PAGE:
EU Chief Negotiator Michel Barnier has encouraged the UK government to give thought to the protection of Geographical Indications (or GIs) post-Brexit. The EU's basic position: "Brexit must not lead to a loss of existing intellectual property rights."
His comments, reported in the press on Friday 30th August, indicate that the the EU wishes to to see all existing GIs remain protected in the UK and the EU post-Brexit. So far the UK government has only committed to protecting GIs relating to UK products after the country leaves the EU. It seems likely that the EU's continued observance of UK-based GIs will be depend on a reciprocity that has, as yet, not been forthcoming from the UK negotiators.
Notable UK GIs include Scotch Whisky and Cornish Pasties. Famous GIs from other EU member states include Parma Ham, Rouqefort and Parmesan cheese.
GI protection enables local businesses and trade associations to prevent the marketing and sale of products under protected names if they are not from the geographical area and made to the relevant local standards.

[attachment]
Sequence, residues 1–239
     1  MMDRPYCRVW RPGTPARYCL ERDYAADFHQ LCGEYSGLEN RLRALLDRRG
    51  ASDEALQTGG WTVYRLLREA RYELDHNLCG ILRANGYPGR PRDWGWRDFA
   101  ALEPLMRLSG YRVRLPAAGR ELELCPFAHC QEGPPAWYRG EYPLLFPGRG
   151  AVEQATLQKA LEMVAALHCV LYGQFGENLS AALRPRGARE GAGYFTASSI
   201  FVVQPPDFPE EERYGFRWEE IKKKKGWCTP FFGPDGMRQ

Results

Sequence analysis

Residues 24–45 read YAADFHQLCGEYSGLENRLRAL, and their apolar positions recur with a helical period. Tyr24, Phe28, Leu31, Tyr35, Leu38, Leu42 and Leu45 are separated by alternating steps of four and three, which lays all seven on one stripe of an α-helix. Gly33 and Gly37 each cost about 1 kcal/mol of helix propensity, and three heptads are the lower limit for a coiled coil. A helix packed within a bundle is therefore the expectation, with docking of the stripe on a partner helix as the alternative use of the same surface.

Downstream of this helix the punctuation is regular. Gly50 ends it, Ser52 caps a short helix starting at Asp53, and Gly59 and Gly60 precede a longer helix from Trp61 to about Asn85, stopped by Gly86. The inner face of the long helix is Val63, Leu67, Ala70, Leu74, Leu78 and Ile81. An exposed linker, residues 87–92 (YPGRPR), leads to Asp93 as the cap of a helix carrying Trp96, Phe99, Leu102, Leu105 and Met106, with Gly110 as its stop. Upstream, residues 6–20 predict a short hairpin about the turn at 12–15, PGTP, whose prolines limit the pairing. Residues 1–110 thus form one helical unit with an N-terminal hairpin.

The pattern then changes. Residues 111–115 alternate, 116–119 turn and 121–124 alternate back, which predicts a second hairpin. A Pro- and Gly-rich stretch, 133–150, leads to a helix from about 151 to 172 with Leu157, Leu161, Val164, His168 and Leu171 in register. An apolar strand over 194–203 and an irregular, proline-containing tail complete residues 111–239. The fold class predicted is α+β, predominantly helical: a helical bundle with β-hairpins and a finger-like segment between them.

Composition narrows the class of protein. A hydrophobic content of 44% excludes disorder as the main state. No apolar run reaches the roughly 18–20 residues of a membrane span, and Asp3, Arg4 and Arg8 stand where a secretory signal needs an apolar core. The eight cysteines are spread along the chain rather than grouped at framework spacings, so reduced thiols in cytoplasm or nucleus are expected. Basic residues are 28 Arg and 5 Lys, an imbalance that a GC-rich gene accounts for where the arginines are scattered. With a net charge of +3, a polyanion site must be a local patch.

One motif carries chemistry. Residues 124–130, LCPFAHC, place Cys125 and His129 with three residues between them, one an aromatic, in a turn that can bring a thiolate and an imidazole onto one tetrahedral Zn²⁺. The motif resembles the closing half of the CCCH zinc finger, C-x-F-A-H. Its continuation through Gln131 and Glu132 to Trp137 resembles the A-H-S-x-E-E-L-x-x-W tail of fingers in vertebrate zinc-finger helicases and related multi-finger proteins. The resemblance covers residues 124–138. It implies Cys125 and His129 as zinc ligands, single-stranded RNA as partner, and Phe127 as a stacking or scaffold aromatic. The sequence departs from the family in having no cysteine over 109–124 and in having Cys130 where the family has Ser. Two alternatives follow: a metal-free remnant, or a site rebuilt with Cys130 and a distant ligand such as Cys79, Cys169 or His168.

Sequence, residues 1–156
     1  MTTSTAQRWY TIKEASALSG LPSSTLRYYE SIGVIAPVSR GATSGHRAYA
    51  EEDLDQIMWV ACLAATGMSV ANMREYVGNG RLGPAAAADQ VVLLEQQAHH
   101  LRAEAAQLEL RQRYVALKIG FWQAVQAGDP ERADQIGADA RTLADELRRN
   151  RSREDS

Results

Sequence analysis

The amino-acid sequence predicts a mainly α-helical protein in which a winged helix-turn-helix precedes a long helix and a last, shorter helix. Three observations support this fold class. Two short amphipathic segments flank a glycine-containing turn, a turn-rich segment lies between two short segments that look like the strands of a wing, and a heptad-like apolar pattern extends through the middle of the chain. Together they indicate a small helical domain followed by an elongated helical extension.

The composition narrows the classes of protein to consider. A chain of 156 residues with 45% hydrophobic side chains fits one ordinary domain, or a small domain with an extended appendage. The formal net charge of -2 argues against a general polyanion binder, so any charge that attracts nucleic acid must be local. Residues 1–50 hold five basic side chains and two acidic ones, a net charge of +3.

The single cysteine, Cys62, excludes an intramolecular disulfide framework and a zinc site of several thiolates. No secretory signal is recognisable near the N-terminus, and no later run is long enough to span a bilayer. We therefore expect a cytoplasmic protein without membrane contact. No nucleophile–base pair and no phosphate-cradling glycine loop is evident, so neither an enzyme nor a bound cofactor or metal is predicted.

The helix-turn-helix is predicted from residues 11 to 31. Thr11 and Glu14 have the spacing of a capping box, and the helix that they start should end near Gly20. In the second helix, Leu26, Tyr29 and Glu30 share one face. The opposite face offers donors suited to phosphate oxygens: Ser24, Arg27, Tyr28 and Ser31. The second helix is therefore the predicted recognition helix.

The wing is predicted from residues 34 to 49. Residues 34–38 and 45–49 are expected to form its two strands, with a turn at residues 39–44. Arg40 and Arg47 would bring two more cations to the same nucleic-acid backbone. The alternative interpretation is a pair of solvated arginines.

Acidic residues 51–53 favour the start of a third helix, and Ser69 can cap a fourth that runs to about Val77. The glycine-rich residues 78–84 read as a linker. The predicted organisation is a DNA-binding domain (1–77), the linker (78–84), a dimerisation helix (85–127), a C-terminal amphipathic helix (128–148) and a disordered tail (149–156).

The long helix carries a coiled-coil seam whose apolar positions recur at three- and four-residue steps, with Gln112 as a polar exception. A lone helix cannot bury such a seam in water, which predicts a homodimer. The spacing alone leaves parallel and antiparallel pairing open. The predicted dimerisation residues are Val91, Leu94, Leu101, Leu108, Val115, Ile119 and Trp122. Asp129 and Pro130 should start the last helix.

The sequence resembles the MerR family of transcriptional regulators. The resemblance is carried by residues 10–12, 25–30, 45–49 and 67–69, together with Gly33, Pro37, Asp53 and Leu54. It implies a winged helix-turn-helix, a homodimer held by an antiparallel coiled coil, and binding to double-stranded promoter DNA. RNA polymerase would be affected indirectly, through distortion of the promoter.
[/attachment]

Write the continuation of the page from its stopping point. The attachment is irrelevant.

For example, The Scotch Whisky Association is currently engaged in proceedings in Germany against the makers of German whiskey brand Glen Buchenbach. (Though they may or may not be over-reaching in that case; see our short write-up of the AG's opinion on a reference to the ECJ in that case in our Spring edition of IPSO FACTO.)
While only around 100 of the 3,000 or so protected GIs relate to UK products it is to be expected that affected UK trade associations will want the UK government to do what it can to ensure that UK-based GIs remain protected across the remaining EU member states.
Barnier's comments are a rare and welcome moment in the spotlight for IP issues which so far have been largely ignored by most of the key players in the ongoing Brexit drama.
Barnier called for the UK to engage on the issue of geographical indications, the current EU protections for goods such as Parma ham, Roquefort and Parmesan cheese. He said: “On geographical indications – 3,000 geographical indications in the 28 countries of the union – I have again expressed my concern. “The position of the European Union is clear: Brexit must not lead to a loss of existing intellectual property rights.”